Consider this your short list of what to do and not do while in Marine Corps boot camp. Do yourself a favor and pay attention. These tips could save you a lot of extra “incentive training” and pain.
1. Keep your mouth shut. No really, I mean it. Just keep it closed. Don’t say a word except for “yes sir,” “no sir,” and “aye sir.” Failure to do so can really mess up your day.
2. Do what you’re told to do when you are told to do it. This sounds like the simplest task to complete and yet you would be amazed at how many cannot master this simple task. Do not anticipate the drill instructor. Do not do what you “think” he or she is telling you to do. Do EXACTLY what you are told to do and at the time you are told to do it.
3. Do not refer to yourself in first person. When you enter boot camp you are stripped of your identity. No longer do you qualify to call yourself “I,” but now you are “this recruit” and you had better embrace it quickly before you are punished for being “selfish.”
4. Do everything as fast as possible. Whatever you are told to do, do it as fast as you possibly can. Boot camp conditions you how to respond to anything with urgency and how to operate under constant stress. Executing orders fast and efficiently will not only help you to avoid punishment but it will make you a better Marine.
5. Ask permission for everything. You do not have a mind in boot camp. You do not own your body, the government does. As such, you must request permission to do just about anything, including using the restroom. Yes, I am serious. This teaches recruits to respect authority and automatically go through the chain of command for everything.
6. Use free time to study, PT and square away your uniform and equipment. Do not concentrate all your efforts on writing letters home. You will see them in 13 weeks. What you should be concentrating on are all the knowledge and tasks required to make it through boot camp. Any spare time should be devoted to that.
7. Go to church on Sundays. Each Sunday you will have a few hours of spare time that you will spend in the barracks or at church. My advice is to utilize the time squaring away your equipment and going to church. This can be some much needed time to de-stress. Many find it replenishes them to face the new week ahead.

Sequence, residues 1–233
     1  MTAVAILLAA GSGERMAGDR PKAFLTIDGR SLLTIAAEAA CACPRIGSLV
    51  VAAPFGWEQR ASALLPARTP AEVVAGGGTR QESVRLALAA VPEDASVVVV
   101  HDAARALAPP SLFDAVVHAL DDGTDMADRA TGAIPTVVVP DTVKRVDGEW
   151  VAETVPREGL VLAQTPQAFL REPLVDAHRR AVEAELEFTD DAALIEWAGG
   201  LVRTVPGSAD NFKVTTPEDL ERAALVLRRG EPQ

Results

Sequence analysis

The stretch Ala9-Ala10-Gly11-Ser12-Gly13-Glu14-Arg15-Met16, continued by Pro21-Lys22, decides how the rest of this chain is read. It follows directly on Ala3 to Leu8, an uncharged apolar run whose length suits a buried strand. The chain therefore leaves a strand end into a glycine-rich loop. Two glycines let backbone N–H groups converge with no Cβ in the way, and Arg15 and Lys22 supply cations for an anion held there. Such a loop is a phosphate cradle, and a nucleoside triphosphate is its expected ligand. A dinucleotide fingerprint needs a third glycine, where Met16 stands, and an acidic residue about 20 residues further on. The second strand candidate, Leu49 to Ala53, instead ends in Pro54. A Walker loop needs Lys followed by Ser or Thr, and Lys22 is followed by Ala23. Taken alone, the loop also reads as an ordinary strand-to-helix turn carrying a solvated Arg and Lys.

8. Pay attention to everything. Use your senses to constantly take in everything around you. Sights, smells, what the drill instructors are doing, things like that. This will condition you to do this naturally as well as anticipate what is about to happen to you.
9. Do not apologize to your drill instructors. Do not make the mistake of telling a drill instructor that you are sorry about something you did wrong. They are not interested in hearing it. The senior drill instructor would be the only person you would address with matters like this. The other drill instructors will eat you alive if you show such weakness.
10. Always do your best. Boot camp is the perfect venue for testing your character and integrity. Try to do the best you can in every task put before you. This shows great leadership qualities in you and the drill instructors will notice this.
11. Help other recruits when you can. This shows teamwork and leadership and can get you in a billet position such as a squad leader or as the guide. These are positions of responsibility but also leadership. If you graduate as the honor graduate you will be meritoriously promoted one rank. This is something to strive for as the benefits that come with it are more pay and faster promotion.
Remember, follow these tips and you can keep yourself out of trouble and maybe even in somewhat good stead with the drill instructors.